Observation #3 – Keep your personal life and work life separate.
I advanced quickly in my career, but it was clear some people thought this happened because of my gender and not my skills. This perception drove me to feel like I had to prove how smart I was and that I earned the right to be where I was. But then I remember something my father said when he found out once that I had worked all night to finish someone else’s piece of a project: “If you have to tell someone how smart you are, either you are not that smart, or they are too stupid to notice.”
Observation #4 – Some people will believe you are the token female – even today. Accept it and don’t kill yourself trying to prove that you belong. You do.
I got the startup bug about 13 years ago. Before taking on such a challenge, I discussed it with my husband and then nine-year-old son.
I told them I wanted to be a Founder in a company. I explained that my work partners and I would be taking money from Venture Capitalists (VCs) and hiring people to work for us. We would be responsible for other people’s livelihood. I also told them the hours would be brutal, and that even when I was home I would be focused on work a lot of the time. Basically, I told them that we’d all be Founders since this would change our family life. Because they both knew this was my dream, they told me to “go for it”.
Observation #5 – Your family needs to buy into your career choices. They are a big part of any successes.
I worked at a couple of startups before becoming a Founder in a startup in April of 2001. While trying to raise our initial round of money, I remember talking to a respected VC. He asked me what I would do to make sure the company was successful. I paused for a minute and said, “I’d die in the attempt to ensure the company would be successful.”
He then asked me what a successful company looked like to me. I said, “Happy customers, happy culture and product leadership in our segment.” He said, “You’ll do.” (Later I learned most people answered the question by saying “they’d kill to be successful” and that success was measured in dollars.)
I went on to help build a company that was considered best in breed in our space, was profitable and had a high retention rate. We were bought by Dell, and it has been a win/win for our company and Dell.
Observation #6 – You need to put the customers and people first to be successful. Never ask anyone to do something you wouldn’t do. Things will happen, but if you have the trust and respect of the people, you’ll make it through.
While I’ve had success as a Founder, I have some regrets as well. Richard took the lead raising our son, Andrew. Andy remembers his dad was the one who took him to soccer games and doctor appointments. He also remembers coming to work with me when his dad was traveling. Then, as my work life became more intense, Richard became a contractor so he could have more flexibility in his hours. This allowed Richard to take summers off to be with Andy.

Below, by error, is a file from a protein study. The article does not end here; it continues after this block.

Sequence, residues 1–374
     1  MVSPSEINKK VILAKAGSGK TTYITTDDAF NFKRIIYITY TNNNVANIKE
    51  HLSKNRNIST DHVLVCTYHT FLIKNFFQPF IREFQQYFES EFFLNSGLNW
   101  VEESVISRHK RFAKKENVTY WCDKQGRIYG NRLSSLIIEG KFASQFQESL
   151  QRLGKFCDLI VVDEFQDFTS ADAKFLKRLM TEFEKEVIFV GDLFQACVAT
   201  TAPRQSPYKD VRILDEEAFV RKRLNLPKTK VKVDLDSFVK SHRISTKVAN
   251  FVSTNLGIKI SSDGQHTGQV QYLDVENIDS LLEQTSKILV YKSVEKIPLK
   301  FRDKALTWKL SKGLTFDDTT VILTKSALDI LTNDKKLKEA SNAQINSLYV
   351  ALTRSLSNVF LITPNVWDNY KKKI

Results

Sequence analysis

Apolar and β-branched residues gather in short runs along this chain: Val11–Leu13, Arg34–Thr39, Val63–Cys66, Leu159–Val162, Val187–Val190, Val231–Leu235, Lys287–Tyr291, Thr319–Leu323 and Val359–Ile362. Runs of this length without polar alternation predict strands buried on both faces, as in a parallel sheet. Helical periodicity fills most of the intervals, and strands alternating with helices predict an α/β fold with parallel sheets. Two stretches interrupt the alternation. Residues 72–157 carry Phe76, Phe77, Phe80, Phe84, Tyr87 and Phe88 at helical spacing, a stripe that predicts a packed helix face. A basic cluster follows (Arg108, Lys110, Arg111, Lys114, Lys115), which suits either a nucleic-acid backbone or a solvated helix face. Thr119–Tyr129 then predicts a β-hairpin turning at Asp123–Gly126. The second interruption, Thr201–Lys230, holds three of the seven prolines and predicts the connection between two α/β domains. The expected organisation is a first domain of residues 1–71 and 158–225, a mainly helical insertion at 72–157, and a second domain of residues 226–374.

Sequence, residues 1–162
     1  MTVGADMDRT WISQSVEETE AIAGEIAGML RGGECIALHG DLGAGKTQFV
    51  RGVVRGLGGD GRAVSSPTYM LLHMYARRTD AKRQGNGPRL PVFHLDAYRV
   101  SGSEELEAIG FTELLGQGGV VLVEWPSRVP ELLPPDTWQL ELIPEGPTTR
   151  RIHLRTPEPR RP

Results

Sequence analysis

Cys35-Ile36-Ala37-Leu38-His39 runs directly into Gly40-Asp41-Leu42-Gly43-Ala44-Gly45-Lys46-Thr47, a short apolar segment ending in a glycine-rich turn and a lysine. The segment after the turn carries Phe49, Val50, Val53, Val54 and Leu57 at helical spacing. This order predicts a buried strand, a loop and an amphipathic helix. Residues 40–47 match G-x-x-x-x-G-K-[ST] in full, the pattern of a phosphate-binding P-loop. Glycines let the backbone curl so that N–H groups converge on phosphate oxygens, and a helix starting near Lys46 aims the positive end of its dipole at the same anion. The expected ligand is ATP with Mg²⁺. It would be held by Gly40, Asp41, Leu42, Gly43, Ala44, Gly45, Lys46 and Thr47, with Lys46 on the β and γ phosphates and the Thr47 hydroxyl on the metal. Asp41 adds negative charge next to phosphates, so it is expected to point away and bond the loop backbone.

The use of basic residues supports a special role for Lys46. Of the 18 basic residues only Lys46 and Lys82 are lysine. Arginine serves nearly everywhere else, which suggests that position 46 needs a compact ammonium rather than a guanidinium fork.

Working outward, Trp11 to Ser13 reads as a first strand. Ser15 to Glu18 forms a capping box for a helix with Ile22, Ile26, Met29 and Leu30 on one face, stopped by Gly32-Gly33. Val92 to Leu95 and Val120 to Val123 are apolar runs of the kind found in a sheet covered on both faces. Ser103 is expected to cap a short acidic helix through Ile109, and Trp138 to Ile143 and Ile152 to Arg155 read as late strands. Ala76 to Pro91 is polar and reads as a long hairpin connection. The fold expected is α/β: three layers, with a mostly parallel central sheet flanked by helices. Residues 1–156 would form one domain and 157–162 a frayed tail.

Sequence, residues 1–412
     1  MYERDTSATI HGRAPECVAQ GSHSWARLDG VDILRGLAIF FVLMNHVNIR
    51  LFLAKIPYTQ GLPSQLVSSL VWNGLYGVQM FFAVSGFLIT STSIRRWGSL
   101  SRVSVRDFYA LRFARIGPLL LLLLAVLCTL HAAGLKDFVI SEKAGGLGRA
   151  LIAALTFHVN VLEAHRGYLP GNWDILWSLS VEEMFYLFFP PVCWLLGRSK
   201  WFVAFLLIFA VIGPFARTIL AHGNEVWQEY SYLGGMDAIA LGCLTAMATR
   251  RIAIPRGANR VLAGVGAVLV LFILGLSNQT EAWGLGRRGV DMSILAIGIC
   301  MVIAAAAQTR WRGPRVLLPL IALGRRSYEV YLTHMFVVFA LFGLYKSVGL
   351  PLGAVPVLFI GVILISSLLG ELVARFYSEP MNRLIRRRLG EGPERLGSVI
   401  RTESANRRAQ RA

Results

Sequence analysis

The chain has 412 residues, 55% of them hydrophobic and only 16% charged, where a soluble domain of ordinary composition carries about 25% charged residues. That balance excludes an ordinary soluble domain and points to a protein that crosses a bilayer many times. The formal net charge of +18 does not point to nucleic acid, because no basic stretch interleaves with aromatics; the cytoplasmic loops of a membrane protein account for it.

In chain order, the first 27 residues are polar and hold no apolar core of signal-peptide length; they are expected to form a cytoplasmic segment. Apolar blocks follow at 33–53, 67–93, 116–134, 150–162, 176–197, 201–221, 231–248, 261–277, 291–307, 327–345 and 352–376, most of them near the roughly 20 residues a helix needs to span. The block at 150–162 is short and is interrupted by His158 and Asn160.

Andy is 19 now and a terrific person. He’s smart, funny and very independent. Andy knew he was loved, but he also knew his friend’s moms did many of the tasks his dad did. We made this tradeoff as a family. Do I regret it? Yes. Would I do things different if I could? Probably not.
Observation #7 – If you are going to have children, you and your partner can’t both be on the fast track at the same time. Make sure everyone knows what they have signed up for.
I have had a successful career in technology; however, my choices may not be for everyone. Over the years, there has been a lot of discussion about women having it all – career and family. The truth is “having it all” is highly overrated. You are going to have to make compromises – at work and at home.
If I were to “net this out,” I’d say being a woman doesn’t give you an advantage or a disadvantage in any career choice. Some people will try to make being a woman an issue. But that only works if you let it. Success is up to you and everyone’s path to find success is uniquely their own.
Observation #8 – Make sure to remember what’s important to you and what things you won’t compromise.
Pursuing what makes you happy should be your goal.
This post was originally posted at Under The Microscope.
About the guest blogger: Paula Long was co-founder and Vice President of Products and Strategy at storage area networking company EqualLogic. Dell acquired EqualLogic for $1.6 billion in 2007. She is currently co-founder and CEO at DataGravity, turning data into information. She has held numerous technical leadership positions at a variety of technology companies. Paula is on the Board of Directors for SugarSync and an Advisory Board Member for several storage related startups.